-1: Buffalo on 3rd Down. Of course, the flip-side of having eight punts is that you probably did things like only go 2-of-13 on third down, and one of those conversions was the run on which Kevin Kolb suffered what might be a career-ending concussion. The real struggle was in the second half, when the Bills went 0-for-6. Solution: Start punting on 2nd down, and then jerks like me who check the box score will just think, "Wow, Buffalo did a great job of staying out of third and long!"

Colts 27, Browns 6

+1: Forget the red zone -- the Colt defense was so good that the Browns didn't cross the Indianapolis 40 until the third quarter or the Indianapolis 30 until the fourth. Let's use that as an excuse to fire up the hot seat in Cleveland -- huh, weird. It actually doesn't have an off switch.

-1: The Browns weren't likely coming back down 14 with four minutes left, but they did manage to recover an onside kick to at least leave the possibility open. At least until Brian Hoyer did this on his first play in the game.

Jets 24, Giants 21

+1: Rex Ryan. Everyone's calling his postgame conference a "meltdown," but here are all the things he DIDN'T do during it:

  • Take off his pants
  • Light anything on fire
  • Speak Spanish, poorly
  • Vomit
  • Take off his shirt
  • Throw something
  • Actually melt into a pile of liquid person-goo
  • Twerk
That's a successful media appearance, from where I'm sitting.

-1: Everyone's busy talking about Geno Smith's three interceptions and, well, this:

Genosafety_medium

But what about Eli Manning 8-for-20? What about the fact that he went 0-for-5 passing on third down? Doesn't that count for anything, New York media??

Bucs 17, Dolphins 16

+1: Modern television sets, because they make it waaaaay easier to change the channel from terrible games like this. I can't believe you used to have to get up and TOUCH the TV like some sort of frustrated chimp.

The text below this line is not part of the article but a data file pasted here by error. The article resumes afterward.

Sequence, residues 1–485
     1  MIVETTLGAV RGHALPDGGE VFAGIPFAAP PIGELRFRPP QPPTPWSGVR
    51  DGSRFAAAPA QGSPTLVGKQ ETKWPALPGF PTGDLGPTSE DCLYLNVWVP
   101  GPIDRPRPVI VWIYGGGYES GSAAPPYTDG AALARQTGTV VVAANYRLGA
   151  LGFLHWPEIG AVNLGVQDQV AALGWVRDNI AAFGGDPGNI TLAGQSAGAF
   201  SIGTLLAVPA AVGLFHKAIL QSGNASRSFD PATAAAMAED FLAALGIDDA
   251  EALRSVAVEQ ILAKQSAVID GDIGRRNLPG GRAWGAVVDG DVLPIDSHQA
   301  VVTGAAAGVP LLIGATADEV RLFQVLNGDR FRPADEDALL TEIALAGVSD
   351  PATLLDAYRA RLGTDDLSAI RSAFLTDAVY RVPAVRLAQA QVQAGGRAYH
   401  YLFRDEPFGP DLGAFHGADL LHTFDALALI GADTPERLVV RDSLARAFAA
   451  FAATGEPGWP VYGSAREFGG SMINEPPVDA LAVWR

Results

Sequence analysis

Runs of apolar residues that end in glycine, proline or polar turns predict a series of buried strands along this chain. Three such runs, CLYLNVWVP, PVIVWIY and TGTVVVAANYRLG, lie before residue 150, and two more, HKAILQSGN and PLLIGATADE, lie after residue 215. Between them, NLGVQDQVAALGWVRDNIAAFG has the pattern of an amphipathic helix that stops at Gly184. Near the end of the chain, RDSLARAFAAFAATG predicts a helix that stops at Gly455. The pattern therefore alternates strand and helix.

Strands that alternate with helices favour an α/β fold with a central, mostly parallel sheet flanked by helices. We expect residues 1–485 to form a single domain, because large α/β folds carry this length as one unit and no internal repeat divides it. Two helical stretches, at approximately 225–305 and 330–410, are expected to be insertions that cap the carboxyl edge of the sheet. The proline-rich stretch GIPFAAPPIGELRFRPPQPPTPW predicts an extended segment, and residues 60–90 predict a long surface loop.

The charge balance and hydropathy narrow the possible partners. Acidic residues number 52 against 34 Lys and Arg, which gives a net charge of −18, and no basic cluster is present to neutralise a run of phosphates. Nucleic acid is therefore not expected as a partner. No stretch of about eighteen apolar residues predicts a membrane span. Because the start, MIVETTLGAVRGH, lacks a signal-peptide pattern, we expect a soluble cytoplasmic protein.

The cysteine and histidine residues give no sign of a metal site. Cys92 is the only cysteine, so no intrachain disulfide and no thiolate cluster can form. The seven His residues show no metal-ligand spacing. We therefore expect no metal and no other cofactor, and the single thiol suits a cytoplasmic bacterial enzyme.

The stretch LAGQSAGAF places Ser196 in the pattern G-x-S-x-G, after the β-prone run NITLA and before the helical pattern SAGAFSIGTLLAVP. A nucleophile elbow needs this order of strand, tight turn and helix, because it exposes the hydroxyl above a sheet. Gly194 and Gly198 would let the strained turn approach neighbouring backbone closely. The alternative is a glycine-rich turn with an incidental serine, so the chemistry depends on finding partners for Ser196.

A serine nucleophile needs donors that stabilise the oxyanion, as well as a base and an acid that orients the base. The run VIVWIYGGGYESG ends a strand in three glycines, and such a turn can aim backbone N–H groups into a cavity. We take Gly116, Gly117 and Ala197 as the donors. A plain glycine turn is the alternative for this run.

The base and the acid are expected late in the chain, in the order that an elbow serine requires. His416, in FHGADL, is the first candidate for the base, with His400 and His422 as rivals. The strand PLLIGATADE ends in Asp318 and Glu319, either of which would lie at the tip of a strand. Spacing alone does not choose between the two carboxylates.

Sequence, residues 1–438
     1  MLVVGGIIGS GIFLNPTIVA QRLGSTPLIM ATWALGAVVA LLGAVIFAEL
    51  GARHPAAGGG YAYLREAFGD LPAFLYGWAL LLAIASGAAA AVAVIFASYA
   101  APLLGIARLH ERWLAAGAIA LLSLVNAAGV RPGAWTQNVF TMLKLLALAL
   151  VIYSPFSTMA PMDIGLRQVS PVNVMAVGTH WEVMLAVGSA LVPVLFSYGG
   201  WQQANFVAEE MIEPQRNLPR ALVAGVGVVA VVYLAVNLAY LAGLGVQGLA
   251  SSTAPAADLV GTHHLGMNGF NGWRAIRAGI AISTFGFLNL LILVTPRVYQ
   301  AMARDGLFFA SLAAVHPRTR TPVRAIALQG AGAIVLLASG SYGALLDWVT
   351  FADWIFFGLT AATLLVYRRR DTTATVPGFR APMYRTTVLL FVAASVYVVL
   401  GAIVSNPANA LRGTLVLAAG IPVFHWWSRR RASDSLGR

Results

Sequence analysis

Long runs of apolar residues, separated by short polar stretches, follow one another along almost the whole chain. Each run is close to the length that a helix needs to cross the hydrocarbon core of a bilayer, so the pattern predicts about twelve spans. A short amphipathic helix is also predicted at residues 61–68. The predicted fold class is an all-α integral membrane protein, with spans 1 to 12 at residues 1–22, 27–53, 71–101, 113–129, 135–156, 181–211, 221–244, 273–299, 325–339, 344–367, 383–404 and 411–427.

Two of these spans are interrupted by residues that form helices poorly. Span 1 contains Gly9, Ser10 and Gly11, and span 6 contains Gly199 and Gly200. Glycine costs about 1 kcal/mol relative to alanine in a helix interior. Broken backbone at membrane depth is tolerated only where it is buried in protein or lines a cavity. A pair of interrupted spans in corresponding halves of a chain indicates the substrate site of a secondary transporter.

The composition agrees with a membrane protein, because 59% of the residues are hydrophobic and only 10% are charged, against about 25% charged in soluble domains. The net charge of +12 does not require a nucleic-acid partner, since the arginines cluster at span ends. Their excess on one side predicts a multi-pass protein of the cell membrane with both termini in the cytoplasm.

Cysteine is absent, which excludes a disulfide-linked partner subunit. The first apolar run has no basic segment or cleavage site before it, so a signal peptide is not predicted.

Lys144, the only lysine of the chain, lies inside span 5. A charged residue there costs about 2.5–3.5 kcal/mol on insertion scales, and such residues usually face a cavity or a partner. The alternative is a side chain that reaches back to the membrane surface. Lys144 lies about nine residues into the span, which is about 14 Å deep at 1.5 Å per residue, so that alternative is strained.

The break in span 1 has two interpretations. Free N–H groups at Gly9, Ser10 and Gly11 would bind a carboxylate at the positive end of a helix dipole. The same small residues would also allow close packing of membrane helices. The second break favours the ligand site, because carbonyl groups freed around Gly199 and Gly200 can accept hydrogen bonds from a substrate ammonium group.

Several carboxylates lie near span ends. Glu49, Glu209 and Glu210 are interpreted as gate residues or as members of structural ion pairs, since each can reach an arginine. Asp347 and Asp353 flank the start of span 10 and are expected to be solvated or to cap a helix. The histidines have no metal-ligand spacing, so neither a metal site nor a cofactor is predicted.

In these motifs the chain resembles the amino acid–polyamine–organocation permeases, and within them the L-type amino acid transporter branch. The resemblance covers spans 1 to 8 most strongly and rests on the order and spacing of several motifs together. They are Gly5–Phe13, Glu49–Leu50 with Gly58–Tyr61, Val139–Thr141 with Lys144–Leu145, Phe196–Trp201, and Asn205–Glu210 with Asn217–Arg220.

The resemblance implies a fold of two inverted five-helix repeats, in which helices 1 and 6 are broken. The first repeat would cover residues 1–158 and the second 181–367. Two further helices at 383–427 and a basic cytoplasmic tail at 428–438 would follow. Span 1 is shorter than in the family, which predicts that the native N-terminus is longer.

-1: Everything related to Tampa passing the ball, because 9-of-25 for 103 yards, no completion going for more than 19 yards, AND six sacks allowed is just the absolute worst. It's a trifecta of worst-ness.

Chiefs 26, Steelers 20

+1: Role reversal, as Kansas City rolled up 116 yards on the ground but only got 33 of those from running backs. Could this mean a backfield featuring Alex Smith handing the ball off to Chase Daniel? Too early to say, but you should probably draft Chase Daniel no later than round four just to be safe.

-1: Overtime, which is a stupid concept for a preseason game. At least settle a tie in some sort of interesting and weird way, like having each kicker line up at the 30 and whoever can nail one of the uprights first wins the game for their team.

Eagles 31, Jaguars 24

+1: Denard Robinson had a fine night with 33 yards on seven carries and continues to be an interesting option for Jacksonville. More importantly, he now has 110 yards from scrimmage in the preseason, and Tim Tebow only has 94. That should effectively kill the JAGS SHOULD SIGN TEB(gets trampled by JAGS SHOULD SIGN TEBOW fans)

-1: Jacksonville tight end Ryan Otten's parents. Seriously, did you not realize that "R. Otten" would be showing up in box scores if your child ever decided to play sports?

Cowboys 24, Bengals 18